Access to vaccines is an essential part of the global response to COVID-19. In Lebanon, the pandemic has exacerbated the country’s already struggling healthcare system and pushed many people to the brink in a period of major economic crisis.
Following an agreement with the Ministry of Public Health, Doctors Without Borders/Médecins Sans Frontières (MSF) started vaccinating elderly people and medical personnel in nursing homes in Lebanon against COVID-19 on March 19.
In the first week, 1,050 people were vaccinated by MSF mobile teams.
“Elderly people and healthcare workers are among the most at risk and were therefore identified as one of the priority population groups to be vaccinated,” says Julien Raickman, MSF head of mission in Lebanon.
“We welcome the efforts of the Lebanese authorities to guarantee access to vaccination for all people in Lebanon without any discrimination.”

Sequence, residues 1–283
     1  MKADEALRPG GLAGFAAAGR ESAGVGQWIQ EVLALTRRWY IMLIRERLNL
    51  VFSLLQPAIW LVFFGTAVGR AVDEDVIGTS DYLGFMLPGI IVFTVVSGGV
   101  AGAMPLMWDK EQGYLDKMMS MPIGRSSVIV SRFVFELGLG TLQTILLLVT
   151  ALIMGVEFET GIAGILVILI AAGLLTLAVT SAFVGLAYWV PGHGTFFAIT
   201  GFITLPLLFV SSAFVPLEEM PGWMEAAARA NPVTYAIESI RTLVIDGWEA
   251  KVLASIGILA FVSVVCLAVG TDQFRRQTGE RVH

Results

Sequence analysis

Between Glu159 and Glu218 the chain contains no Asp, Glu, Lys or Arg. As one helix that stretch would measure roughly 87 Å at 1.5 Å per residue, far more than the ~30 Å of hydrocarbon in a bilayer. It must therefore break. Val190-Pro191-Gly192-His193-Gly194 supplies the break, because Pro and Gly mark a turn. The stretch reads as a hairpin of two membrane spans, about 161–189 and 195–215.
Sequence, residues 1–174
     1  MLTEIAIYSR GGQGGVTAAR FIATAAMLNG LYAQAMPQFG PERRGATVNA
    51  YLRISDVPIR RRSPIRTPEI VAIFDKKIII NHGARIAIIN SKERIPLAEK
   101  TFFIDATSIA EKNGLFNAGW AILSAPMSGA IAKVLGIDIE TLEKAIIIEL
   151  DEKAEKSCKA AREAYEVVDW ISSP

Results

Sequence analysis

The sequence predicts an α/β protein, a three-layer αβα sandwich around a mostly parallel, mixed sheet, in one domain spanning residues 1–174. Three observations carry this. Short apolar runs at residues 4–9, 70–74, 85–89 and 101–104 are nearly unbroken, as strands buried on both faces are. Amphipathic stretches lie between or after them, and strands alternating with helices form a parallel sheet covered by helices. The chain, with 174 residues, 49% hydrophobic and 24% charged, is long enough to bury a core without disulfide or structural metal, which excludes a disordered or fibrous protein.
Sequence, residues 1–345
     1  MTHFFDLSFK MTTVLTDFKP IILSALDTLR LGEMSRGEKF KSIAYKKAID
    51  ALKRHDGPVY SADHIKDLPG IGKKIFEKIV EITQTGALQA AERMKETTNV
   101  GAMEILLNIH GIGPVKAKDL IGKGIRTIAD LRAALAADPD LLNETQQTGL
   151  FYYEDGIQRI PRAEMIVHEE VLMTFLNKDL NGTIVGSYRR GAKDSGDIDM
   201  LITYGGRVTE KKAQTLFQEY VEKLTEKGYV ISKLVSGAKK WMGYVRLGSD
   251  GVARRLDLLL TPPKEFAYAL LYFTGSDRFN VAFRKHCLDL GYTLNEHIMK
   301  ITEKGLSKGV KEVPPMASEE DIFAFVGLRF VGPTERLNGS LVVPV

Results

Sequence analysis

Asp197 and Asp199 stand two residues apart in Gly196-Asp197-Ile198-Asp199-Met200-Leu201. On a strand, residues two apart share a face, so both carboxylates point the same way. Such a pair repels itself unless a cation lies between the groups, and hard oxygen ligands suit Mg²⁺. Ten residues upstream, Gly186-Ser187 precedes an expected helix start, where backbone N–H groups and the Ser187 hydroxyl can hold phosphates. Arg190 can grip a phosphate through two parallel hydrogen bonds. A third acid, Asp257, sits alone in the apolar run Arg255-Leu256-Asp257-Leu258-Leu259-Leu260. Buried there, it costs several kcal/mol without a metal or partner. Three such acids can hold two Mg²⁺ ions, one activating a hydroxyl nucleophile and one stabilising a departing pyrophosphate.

Since some elderly people were not able to easily access vaccination centres, MSF set up mobile vaccination teams to reach them where they were. The vaccines were supplied by the health authorities.
On one particular day, three MSF teams went to the Hôpital Psychiatrique de La Croix in Mount Lebanon area, one of the biggest elderly homes in Lebanon.
“We carefully [explained] the reasons for vaccination and the process,” says Tania Hachem, MSF medical coordinator. “The interaction with patients and staff was very powerful. In the space of one day, we vaccinated nearly 400 people.”